Mercedes-Benz’s Sprinter vans are ubiquitous in Europe, and the luxury cargo carriers have become a more visible presence on American streets as well, where they have robust competition from U.S. manufacturers.

Now the German company is hoping to create a new, mid-sized van niche – and dominate it.

Mercedes introduced the Metris passenger and cargo vans early this year. Smaller than the popular Ford Transit or Ram ProMaster, but roomier than the Ford Transit Connect or Ram ProMaster City, the Metris vehicles are lightweight, and drive more like sedans.

They are also the least expensive Mercedes vehicles for sale in the U.S. The starting MSRP for the cargo van is $29,945, and for the passenger van it’s $33,495.

Aimed at the commercial user – the passenger vans for hotels or rental car agencies running shuttles; the cargo vans for plumbers, electricians or cable installers – the Metris machines are easy to drive and easy to park. With fuel economy at a claimed 22 miles per gallon combined city and highway, they are also relatively inexpensive to operate.

Despite their carrying capacity and cargo bays, the vans are nimble and maneuverable, and they drive smaller than they look. The front seats ride high over the short hood, where the visibility is generous. The suspension is a little stiff, without a full load, but the steering feels crisp and precise.

The vans are powered by Mercedes’ two-liter, four-cylinder turbocharged engines, which produce 208 horsepower and 258 pound-feet of torque, through a seven-speed automatic transmission.

All that torque creates convincing pep, and feels like it’s coming from a bigger engine. The Metris is quiet and feels competent around town and on the freeway, accelerating easily in and out of traffic.

The cargo van has a huge open cargo space – in excess of 4-by-4-by-8 feet. You could stack a whole cord of wood in there, or move a set of bunk beds with the kids still in them.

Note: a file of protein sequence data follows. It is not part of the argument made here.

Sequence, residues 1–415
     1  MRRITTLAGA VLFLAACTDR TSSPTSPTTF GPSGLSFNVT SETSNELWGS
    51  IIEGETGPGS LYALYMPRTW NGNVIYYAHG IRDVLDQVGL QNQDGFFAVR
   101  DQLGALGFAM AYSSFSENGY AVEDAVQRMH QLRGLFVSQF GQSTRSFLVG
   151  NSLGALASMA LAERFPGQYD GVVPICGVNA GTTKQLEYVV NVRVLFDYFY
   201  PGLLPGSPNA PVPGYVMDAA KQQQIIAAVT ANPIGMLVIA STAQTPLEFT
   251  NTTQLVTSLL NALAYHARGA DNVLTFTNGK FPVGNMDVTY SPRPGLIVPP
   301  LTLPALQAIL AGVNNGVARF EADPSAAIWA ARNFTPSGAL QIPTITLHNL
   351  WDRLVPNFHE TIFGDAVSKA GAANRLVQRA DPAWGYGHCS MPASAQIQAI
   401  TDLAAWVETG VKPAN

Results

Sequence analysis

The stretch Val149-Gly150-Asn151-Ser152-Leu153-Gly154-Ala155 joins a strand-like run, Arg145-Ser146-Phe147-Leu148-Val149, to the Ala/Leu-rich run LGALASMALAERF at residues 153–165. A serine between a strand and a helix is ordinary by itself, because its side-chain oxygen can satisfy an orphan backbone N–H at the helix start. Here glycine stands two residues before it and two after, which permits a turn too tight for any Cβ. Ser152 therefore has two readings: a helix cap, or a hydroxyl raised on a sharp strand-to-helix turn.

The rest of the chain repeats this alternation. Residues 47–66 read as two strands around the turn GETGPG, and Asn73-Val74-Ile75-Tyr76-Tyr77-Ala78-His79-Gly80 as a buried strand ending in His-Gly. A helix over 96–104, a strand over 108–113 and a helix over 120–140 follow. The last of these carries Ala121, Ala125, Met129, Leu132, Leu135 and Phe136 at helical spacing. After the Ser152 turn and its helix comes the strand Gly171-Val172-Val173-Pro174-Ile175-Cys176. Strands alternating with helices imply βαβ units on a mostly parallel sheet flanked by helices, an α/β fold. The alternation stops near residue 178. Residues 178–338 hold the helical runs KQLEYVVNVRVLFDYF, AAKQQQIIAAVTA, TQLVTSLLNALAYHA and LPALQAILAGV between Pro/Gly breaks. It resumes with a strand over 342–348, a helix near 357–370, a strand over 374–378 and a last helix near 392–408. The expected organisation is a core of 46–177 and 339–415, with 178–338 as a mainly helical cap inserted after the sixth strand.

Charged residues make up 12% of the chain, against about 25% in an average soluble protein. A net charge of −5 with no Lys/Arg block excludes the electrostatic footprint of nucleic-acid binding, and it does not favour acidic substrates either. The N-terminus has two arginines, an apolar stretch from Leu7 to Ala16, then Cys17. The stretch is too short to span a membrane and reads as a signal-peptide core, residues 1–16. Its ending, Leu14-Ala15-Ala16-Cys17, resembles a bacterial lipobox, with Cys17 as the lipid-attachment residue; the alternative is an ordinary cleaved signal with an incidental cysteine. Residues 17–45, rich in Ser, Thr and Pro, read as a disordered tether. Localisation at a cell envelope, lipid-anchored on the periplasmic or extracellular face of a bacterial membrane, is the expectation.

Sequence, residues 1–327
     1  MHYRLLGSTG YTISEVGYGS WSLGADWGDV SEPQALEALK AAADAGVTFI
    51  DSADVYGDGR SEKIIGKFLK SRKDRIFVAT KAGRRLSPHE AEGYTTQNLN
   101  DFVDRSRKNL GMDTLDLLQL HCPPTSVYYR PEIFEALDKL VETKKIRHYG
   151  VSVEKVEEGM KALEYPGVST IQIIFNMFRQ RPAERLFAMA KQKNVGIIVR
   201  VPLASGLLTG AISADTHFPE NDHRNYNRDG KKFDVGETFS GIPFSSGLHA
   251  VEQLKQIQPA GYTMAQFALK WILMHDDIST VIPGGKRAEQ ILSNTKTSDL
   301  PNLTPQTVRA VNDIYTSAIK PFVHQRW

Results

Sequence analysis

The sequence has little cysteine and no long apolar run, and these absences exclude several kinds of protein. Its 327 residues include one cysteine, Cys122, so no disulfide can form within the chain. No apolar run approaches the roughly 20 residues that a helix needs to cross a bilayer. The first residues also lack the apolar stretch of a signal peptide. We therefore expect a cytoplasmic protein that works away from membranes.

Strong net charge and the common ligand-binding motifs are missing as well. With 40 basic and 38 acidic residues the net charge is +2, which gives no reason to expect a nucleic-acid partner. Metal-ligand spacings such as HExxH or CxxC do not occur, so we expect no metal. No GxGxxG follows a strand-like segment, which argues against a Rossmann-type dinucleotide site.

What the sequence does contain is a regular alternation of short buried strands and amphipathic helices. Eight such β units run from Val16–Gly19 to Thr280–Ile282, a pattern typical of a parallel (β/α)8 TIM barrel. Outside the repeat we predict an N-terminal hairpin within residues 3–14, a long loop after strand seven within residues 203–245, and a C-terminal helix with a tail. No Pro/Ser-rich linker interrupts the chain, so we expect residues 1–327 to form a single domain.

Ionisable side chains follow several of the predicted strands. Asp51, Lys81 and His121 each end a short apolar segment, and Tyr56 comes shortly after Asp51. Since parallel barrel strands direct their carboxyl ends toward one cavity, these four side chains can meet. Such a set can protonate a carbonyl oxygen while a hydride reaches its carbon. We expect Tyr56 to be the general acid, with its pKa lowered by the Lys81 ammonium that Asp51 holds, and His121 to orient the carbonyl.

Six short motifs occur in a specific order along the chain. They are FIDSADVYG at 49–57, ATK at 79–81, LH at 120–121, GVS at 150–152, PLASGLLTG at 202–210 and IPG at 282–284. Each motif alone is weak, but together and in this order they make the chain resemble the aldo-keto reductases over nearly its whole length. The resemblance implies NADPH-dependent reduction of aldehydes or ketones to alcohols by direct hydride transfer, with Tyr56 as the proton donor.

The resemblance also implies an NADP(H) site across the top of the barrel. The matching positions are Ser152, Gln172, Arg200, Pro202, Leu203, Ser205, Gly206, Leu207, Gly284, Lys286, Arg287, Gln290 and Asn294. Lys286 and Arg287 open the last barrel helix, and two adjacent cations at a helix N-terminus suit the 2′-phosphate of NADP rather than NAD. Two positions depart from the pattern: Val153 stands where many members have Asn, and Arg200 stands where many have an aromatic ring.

The cargo units can also be isolated from the driver compartment with an optional wall, and fitted with refrigeration units, useful for companies transporting food, fruit or other things that must be kept chilled.

The side doors on both the cargo and passenger vans slide open to create very easy access from both sides, and are available as power doors as an option.

The passenger vans are spacious people movers, seating almost a whole baseball team in the three rows behind the driver. The seats are comfortable, though not adjustable, and unlike some more modular vehicles, they don’t fold down or tuck away.

They also don’t leave a lot of room for luggage. You could scoop up a big crew from the airport, though you might struggle to find room for their bags.

Thanks to the carpeting and seat upholstery, not present in the cargo version, the passenger van rides even more quietly.

I can easily imagine buying one and becoming a sort of an uber Uber or Lyft driver, only picking up large groups of people – with small suitcases.

The Metris has an advertised curb weight of about 4,500 pounds for the vans, with a towing capacity of 5,000 pounds and a maximum payload of 2,500 pounds.

Mercedes claims the Metris is shorter and has a lower roofline than the Chevy Express, but has a greater payload. At only 13 inches longer, Mercedes says, the Metris has 50 percent more payload and 45 percent more power than the Transit Connect.

The payload pales in comparison with something like the ProMaster, which is about the same overall size but can carry about 2,000 more pounds _ when powered by the standard 3.6-liter engine. The ProMaster offers considerably more storage capacity, too.

But Mercedes’ general manager for van marketing, Mathias Geisen, said the company isn’t going after that heavyweight, heavy-duty customer anyway, for whom things such as ease of parking and fuel economy might not be so crucial.


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